Under the EU’s Watchful Eye: Google auctioning spots to increase competition in search engines options
August 12, 2019
2 min read
What's going on here?
Starting in 2020, all Android users (new and existing) in the European Economic Zone (EEA) will have the option to select their default search engine before launching their device.
What does this mean?
This came about after the European Commission fined Google £3.9bn for breaching the EU’s antitrust rules last July. Specifically, that Google had imposed illegal restrictions on Android device manufacturers and mobile network operators to cement its dominant position for internet searches.
To comply with the EU’s strict demands, Google will now allow other rival search engine competitors to bid for one spot out of the top three search engine choices (with Google included as the 4th option). The bidding process will be different per country, with the highest bidding firm securing a spot in their respective countries. But this option is only required for Android devices where Google’s own search app is already pre-installed.
This means Android users (new or existing) will be able to select their preferred provider to power the search box on their home screens. The preferred search engine provider will also automatically be set as default on Google Chrome, and its app will be downloaded from the Play Store.
What's the big picture effect?
With Google, this current fine is just one in a series of ongoing punitive measures slapped by the EU. Previously, Google was fined £2.1bn over a separate probe concerning its shopping comparison service – a ruling that is still under appeal. In addition, the EU is conducting a third investigation into Google’s advert-placing business, Adsense. So having Google auction off search engine spots is another way the EU hopes to level out the playing field in favour of fair competition and promote consumer choice.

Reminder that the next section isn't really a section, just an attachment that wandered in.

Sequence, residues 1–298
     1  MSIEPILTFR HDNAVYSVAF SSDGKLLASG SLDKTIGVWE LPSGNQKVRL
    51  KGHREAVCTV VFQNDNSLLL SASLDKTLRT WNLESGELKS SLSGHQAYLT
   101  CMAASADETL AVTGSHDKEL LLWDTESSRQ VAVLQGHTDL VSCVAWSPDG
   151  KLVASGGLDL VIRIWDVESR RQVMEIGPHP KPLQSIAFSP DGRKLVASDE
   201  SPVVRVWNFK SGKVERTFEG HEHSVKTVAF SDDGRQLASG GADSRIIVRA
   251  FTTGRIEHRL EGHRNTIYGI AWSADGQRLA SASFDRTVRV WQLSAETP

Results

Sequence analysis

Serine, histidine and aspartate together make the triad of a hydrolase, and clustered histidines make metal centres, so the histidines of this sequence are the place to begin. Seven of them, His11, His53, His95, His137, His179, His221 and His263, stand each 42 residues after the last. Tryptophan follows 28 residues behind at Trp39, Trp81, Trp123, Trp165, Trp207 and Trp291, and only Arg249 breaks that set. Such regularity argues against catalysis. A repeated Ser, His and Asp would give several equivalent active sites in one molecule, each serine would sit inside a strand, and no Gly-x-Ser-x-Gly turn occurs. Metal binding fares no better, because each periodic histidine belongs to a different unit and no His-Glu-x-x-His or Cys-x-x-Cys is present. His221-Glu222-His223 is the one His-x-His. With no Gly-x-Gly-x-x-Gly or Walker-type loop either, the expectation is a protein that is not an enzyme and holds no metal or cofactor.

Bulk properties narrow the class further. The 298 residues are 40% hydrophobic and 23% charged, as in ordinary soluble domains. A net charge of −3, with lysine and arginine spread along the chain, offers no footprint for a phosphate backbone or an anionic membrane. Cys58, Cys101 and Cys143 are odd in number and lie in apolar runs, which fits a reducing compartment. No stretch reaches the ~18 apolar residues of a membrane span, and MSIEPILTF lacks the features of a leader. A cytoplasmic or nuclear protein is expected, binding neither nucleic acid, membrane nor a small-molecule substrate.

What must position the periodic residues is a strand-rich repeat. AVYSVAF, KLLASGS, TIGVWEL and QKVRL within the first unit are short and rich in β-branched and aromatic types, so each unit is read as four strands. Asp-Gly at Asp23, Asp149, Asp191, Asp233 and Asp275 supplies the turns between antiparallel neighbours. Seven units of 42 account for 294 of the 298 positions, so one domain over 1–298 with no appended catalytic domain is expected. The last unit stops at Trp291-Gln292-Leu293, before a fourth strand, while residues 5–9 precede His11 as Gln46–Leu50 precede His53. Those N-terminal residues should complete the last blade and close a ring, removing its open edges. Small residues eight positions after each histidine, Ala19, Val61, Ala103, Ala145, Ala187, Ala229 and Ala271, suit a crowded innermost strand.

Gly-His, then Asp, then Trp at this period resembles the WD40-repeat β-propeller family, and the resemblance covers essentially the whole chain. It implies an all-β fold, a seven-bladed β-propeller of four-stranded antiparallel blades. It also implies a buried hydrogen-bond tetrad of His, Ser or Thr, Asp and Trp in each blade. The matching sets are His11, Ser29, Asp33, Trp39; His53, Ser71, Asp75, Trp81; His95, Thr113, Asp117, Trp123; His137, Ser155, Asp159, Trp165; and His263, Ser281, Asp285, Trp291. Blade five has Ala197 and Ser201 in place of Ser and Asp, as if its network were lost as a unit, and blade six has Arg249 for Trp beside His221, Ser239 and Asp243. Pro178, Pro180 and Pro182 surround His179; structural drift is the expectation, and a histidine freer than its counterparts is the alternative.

Google’s decision, however, has been poorly received by their competitors. “The auction diverts to Google money that providers would use to innovate and compete”, says Thomas Vinje, a spokesman for Fairsearch (a complainant in the EU’s case against Google). Christian Kroll, CEO of Ecosia (a not-for-profit search engine) adds “this is really disappointing news. We use our revenue to plant trees in areas affected by deforestation, not to get into bidding wars”.
Although the EU says it will closely monitor implementation and listen to relevant feedback, Google’s request for all rivals wishing to participate in the auction to sign an NDA raises alarm bells. Bloomberg reports Google’s NDA is drafted generally, rather than technical and specific, which means it is likely any actual feedback from competitors regarding Google’s practices will remain stifled.
As such, despite the EU continually rolling out fines and fees against Google, Google is making it very clear it’s not going down without a fight.
Report written by Roslyn Lai
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